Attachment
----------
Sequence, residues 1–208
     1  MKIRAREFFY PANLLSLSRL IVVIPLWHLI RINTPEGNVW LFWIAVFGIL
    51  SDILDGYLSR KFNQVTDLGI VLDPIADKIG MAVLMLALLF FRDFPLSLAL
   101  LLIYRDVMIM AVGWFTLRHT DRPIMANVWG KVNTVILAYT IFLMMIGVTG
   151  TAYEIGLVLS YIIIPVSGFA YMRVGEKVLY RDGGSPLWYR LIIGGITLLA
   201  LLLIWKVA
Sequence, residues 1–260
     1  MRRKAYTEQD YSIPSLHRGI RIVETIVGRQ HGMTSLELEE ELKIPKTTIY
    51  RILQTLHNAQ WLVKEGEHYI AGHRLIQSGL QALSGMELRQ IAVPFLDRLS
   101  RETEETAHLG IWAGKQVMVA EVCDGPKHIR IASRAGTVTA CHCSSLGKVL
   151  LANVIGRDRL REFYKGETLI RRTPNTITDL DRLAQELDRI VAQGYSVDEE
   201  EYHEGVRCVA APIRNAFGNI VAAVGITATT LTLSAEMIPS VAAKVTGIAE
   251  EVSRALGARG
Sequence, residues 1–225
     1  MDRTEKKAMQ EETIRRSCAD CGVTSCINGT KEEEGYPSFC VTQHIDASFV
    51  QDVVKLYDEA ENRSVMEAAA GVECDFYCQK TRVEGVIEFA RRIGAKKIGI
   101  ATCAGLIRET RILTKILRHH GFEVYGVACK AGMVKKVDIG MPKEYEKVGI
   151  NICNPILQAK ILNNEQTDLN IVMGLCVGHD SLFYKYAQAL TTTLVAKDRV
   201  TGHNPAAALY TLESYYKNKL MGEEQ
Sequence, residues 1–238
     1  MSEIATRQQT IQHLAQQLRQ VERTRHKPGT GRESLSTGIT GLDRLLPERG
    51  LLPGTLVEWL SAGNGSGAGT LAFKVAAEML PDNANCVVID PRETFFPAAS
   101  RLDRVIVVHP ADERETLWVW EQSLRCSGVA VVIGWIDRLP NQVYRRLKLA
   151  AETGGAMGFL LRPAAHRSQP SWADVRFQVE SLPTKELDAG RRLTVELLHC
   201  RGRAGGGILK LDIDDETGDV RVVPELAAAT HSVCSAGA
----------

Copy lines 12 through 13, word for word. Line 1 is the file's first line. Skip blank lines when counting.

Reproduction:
   201  EYHEGVRCVA APIRNAFGNI VAAVGITATT LTLSAEMIPS VAAKVTGIAE
   251  EVSRALGARG